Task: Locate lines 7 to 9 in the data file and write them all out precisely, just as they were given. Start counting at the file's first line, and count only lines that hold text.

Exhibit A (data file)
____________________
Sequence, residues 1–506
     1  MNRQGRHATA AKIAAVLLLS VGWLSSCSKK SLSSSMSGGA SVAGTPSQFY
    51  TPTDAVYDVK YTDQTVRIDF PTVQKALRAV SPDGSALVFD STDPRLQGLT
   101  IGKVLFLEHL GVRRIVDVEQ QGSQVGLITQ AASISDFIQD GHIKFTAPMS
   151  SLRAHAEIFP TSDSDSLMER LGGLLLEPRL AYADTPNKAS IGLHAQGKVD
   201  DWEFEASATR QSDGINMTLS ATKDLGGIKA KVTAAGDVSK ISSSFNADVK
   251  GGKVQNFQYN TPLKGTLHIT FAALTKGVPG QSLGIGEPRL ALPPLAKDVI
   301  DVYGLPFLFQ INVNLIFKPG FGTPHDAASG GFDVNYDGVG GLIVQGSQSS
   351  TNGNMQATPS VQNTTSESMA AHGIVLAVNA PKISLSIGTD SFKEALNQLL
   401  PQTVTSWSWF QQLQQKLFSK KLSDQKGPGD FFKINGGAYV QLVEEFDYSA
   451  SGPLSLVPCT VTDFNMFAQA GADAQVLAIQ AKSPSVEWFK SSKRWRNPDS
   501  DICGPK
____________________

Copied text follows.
   251  GGKVQNFQYN TPLKGTLHIT FAALTKGVPG QSLGIGEPRL ALPPLAKDVI
   301  DVYGLPFLFQ INVNLIFKPG FGTPHDAASG GFDVNYDGVG GLIVQGSQSS
   351  TNGNMQATPS VQNTTSESMA AHGIVLAVNA PKISLSIGTD SFKEALNQLL